A hernia is a condition in which an organ becomes displaced and protrudes through a cavity in the surrounding tissue
(fascia) or muscle containing it. It is caused by a combination of fascia or muscle weakness and excessive pressure.
Here, the strain is what pushes the organ through an opening (weak spot).
Improper lifting of heavy loads, chronic diarrhoea or constipation, persistent coughing or sneezing, obesity, smoking and overall poor nutrition can all contribute to hernias. Age, pregnancy, injuries and surgery may result in muscle weakness, which, in turn, leads to hernias.
Hernias may be painless and asymptomatic, or may only cause mild to moderate discomfort. However, apart from umbilical hernias, most types of hernias do not go away on their own, and left untreated, can lead to serious complications.
A hernia may be repaired by two types of hernia surgery:
Traditionally performed via open surgery, herniorrhaphy involves creating an incision over the site of the hernia. The displaced organ is manually placed back to its normal position, and the opening from which the organ protruded is stitched closed. The initial incision is also sutured and applied with dressings to facilitate healing. Herniorrhaphy may be done laparoscopically.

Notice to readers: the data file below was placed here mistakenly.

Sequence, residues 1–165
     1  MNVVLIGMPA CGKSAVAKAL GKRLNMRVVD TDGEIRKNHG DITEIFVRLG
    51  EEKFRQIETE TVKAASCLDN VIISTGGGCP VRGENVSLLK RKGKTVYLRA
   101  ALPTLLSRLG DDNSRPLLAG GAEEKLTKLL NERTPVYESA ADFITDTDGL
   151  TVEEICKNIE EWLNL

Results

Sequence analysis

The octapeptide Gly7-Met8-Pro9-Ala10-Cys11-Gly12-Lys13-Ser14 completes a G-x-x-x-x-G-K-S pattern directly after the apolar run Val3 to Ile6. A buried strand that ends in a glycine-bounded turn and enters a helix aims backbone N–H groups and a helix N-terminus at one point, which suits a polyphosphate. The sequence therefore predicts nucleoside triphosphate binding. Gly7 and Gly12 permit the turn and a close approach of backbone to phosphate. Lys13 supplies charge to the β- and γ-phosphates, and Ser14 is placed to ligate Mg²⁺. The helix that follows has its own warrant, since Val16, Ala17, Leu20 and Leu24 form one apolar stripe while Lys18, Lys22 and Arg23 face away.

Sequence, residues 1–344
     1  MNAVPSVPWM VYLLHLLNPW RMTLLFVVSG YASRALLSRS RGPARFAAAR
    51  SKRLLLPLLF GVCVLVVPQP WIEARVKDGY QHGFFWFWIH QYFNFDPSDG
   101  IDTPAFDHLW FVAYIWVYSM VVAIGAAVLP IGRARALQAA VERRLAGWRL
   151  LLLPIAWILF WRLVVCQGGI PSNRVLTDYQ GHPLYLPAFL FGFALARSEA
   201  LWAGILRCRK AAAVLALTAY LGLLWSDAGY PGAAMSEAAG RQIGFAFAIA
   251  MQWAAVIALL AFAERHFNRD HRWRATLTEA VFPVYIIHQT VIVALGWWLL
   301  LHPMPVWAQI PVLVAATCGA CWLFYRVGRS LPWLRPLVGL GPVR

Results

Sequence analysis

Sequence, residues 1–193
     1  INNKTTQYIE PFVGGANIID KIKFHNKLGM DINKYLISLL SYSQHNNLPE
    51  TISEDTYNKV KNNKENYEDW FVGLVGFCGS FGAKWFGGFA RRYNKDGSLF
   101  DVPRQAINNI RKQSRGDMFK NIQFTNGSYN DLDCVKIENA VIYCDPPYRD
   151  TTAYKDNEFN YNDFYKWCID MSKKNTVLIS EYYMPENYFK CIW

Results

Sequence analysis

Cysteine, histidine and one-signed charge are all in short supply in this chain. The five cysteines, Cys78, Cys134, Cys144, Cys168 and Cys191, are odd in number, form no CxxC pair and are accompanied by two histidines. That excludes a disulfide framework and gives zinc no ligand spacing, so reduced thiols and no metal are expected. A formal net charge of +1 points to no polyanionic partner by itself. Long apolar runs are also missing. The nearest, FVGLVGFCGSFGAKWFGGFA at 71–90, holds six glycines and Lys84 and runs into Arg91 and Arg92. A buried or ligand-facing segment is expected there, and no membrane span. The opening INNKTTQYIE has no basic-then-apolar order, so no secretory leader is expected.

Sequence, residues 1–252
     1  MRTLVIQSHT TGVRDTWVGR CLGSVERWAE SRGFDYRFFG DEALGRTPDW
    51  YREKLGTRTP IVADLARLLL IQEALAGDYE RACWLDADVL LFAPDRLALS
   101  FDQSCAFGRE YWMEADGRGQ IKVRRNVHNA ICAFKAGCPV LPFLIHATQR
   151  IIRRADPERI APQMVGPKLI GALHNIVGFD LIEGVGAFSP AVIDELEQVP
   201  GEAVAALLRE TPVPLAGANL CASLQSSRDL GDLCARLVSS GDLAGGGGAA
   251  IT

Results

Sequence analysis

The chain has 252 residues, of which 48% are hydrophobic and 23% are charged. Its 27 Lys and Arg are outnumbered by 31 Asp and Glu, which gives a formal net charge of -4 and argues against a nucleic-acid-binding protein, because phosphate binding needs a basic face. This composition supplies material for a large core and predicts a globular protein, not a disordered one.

For larger hernias where the displaced organ cannot be pushed back through the cavity, the hernial sac may be repaired by covering it with a surgical mesh. This process, called hernioplasty, stitches a mesh patch made of animal tissue or polypropylene over the cavity. This patch will then be used by the damaged or weakened tissues and muscles as a support during regrowth. Similar to herniorrhaphy, hernioplasty can be performed via laparoscopic surgery.